Invent Your Own Computer Games with Python
by Albert Sweigart
Number of pages: 367
The current crop of programming books for kids that I've seen fell into two categories. First, books that did not teach programming so much as "game creation software" or in dumbed down languages to make programming "easy". Or second, they taught programming like a mathematics textbook: all principles and concepts with application left to the reader. This book takes a different approach: show the game source code right up front and explain programming principles from the examples.
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This tutorial is designed to provide a guide to using XNA to help create games in as simple and a visual way as possible. Examples of all of the basic elements to get started on a simple game are included, including controls, sound, and gameplay.
by Bob Nystrom - gameprogrammingpatterns.com
Game Programming Patterns is a book on architectural patterns in game code. I dug up and polished the best patterns I've found in games and presented them here so that we can spend our time inventing things instead of re-inventing them.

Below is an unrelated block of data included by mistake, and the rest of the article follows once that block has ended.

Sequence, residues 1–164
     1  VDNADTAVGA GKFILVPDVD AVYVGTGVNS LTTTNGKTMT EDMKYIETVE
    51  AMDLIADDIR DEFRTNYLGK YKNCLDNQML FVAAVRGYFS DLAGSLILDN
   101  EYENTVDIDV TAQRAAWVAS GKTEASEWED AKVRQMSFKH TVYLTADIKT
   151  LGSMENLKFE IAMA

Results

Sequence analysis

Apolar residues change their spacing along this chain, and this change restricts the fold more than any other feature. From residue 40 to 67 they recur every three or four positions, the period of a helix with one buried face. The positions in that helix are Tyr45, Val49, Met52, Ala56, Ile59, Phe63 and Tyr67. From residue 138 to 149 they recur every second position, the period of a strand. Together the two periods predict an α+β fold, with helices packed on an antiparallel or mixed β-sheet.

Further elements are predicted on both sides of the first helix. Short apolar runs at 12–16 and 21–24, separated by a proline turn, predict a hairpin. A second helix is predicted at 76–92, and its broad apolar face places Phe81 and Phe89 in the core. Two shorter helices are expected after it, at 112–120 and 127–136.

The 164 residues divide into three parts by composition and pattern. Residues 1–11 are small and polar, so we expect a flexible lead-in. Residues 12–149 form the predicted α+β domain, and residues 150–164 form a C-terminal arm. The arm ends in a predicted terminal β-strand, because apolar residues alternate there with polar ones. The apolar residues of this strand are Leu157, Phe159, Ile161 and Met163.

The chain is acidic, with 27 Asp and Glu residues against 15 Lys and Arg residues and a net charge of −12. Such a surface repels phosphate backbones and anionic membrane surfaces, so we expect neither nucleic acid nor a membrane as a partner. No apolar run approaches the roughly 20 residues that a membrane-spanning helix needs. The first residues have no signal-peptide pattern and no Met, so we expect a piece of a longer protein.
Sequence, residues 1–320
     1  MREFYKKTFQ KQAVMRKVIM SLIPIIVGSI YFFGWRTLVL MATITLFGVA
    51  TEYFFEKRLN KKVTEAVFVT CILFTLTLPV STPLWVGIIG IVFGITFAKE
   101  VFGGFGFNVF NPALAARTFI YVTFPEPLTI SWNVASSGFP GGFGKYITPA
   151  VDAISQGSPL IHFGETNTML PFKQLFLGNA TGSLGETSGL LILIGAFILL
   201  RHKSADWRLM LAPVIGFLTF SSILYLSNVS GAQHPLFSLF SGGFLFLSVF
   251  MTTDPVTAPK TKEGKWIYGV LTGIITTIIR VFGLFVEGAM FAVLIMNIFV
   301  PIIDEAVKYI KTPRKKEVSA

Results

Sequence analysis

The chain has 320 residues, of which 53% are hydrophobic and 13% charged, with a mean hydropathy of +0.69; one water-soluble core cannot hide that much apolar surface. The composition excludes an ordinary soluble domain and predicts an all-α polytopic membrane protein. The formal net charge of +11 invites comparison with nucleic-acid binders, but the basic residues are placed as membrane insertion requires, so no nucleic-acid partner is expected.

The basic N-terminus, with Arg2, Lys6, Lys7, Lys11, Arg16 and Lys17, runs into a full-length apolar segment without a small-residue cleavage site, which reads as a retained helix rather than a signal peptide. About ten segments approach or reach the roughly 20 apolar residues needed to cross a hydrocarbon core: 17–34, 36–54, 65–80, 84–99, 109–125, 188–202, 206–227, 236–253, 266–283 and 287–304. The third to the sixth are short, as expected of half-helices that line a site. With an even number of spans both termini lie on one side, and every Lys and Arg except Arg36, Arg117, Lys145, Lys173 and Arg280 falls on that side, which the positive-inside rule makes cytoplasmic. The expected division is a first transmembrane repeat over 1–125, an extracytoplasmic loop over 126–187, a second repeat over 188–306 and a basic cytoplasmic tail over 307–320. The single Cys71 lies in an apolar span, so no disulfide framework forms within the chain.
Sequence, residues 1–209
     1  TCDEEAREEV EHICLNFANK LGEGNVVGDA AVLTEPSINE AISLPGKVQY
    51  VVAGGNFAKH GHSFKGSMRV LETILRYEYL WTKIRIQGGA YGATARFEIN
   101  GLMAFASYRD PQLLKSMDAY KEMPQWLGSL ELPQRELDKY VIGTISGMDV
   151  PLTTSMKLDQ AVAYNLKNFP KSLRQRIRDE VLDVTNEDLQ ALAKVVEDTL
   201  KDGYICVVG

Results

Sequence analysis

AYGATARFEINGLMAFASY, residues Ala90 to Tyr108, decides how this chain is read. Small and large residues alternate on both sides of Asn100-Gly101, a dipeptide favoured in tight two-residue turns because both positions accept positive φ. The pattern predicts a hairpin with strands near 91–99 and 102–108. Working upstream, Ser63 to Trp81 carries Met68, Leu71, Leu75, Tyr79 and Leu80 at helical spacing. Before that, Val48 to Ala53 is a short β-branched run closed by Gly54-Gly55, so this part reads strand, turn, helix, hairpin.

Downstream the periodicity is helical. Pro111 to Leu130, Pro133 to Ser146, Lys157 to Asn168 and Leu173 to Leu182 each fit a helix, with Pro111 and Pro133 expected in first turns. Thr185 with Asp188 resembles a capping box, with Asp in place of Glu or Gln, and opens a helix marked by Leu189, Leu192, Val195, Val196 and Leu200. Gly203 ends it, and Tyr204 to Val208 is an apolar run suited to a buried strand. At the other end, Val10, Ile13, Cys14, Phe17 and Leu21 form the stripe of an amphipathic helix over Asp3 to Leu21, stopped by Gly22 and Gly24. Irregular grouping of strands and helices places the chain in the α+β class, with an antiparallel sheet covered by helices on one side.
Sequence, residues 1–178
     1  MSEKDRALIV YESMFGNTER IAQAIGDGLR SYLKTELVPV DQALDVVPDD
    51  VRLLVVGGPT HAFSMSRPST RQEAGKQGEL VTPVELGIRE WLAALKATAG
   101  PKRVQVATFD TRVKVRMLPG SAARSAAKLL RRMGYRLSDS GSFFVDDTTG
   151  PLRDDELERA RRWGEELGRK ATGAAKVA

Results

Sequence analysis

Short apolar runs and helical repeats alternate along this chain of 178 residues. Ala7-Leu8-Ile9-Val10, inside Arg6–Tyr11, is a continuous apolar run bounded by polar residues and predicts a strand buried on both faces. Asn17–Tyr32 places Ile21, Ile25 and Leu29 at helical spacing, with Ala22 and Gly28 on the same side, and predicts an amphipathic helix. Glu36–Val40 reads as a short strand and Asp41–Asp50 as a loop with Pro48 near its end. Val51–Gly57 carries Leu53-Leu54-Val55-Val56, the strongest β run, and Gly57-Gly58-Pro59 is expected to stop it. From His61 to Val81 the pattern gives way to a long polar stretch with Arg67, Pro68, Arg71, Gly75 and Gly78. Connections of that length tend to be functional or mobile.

by Dennis Merritt - Springer
This book takes a pragmatic, rather than theoretical, approach to the language and is designed for programmers interested in adding this powerful language to their bag of tools. Much of the book is built around the writing of a short adventure game.
by Fabian Birzele - Java Cooperation
A very detailed introduction into the development of online games using Java. The text will lead you from the basic structure of an applet to the development of a whole game. Topics covered: AI, level editors, random generation of landscapes, etc.